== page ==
And speaking of the contrast with P&P, I think I disagree with Trilling. He writes

[P&P’s] social doctrine is a generous one, asserting the right of at least the good individual to define himself according to his own essence. It is animated by an impulse to forgiveness…

Almost the opposite can be said of Mansfield Park. Its impulse is not to forgive but to condemn. Its praise is not for social freedom but for social stasis. It takes full notice of spiritedness, vivacity, celerity, and lightness, but only to reject them as having nothing to do with virtue and happiness, as being, indeed, deterrents to the good life.

Well! First, I don’t think P&P assert any “right of the good individual to define himself according to his own essence.” Elizabeth and Jane Bennet do manage to stay true to their “essences,” in that they do not have to marry for money alone, as does Charlotte Lucas. But they certainly don’t escape the constraints of society. They are simply lucky enough to fall in love with rich men. In all of Austen’s novels, those who stay true to their principles are rewarded, but always within society’s constraints. There is perhaps a grain of serious comment when Elizabeth Bennet dates her love for Darcy “from my first seeing his beautiful grounds at Pemberley.”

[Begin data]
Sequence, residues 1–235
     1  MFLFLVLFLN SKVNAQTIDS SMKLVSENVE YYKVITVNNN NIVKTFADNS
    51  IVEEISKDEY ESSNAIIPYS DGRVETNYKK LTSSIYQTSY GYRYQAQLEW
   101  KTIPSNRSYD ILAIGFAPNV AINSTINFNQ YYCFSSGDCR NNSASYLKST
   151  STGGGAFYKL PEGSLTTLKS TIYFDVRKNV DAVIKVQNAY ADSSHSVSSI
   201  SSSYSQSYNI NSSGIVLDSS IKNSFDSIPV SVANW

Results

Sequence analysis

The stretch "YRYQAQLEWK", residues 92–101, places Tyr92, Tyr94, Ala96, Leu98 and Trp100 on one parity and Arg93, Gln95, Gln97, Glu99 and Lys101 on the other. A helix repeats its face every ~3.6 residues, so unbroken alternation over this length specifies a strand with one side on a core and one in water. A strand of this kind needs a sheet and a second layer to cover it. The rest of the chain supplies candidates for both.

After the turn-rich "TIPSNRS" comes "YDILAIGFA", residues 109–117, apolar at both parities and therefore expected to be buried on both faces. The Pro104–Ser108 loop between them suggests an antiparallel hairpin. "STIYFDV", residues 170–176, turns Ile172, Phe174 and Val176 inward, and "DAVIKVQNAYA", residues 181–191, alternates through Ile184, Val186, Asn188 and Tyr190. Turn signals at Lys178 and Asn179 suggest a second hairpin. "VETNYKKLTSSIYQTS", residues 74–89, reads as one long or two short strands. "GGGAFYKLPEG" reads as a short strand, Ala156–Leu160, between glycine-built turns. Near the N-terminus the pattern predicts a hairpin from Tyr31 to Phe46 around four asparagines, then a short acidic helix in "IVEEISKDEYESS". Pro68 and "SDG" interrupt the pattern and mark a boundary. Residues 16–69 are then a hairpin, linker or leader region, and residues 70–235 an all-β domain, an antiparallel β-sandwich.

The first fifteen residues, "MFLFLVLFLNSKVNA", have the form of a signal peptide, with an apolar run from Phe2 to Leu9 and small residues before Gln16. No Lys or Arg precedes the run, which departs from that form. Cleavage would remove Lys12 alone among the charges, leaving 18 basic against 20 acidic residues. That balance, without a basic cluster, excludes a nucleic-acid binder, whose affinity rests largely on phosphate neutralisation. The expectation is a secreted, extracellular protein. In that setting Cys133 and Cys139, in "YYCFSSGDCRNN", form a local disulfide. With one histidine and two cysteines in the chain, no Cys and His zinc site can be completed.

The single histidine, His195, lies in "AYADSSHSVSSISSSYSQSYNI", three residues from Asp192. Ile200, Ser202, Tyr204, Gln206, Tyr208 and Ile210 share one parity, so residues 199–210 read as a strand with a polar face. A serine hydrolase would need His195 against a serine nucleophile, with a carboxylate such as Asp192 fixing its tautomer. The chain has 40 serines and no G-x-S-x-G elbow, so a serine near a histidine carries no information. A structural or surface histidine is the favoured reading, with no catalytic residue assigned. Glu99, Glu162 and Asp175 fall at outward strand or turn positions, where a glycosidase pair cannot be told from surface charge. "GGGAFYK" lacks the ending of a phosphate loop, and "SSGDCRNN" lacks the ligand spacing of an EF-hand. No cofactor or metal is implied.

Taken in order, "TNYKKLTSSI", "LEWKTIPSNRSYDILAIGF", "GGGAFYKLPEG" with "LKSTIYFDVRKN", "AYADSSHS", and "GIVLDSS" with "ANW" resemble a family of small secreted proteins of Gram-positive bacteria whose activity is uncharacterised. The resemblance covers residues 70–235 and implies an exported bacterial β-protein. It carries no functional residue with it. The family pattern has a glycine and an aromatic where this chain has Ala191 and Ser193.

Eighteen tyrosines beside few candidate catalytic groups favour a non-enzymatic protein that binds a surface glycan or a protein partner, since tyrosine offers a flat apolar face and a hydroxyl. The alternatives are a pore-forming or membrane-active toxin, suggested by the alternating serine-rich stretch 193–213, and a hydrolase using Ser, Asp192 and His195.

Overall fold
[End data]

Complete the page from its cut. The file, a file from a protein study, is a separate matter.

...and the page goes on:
And to the larger point, that Mansfield Park rejects spiritedness and vivacity as being deterrents to the good life: I don’t think Mansfield Park actually rejects them, it merely shows that they must not be confused with the true virtue.

One last quibble. I feel I really have to stand up for Mr Bennet, of whom Trilling says

It weighs heavily against Mr Bennet that, his estate being entailed, he has made no effort to secure his family against his death, and by reason of his otiosity he is impotent to protect his family’s good name from the consequences of Lydia’s sexual escapade. He is represented as being not only less a man but also less a gentleman than his brother-in-law Gardiner, who is in trade in London.

And

The fathers of the heroines of Pride and Prejudice, Emma, and Persuasion, all lack principle and fortitude; they are corrupted by their belief in their delicate vulnerability–they lack apatheia.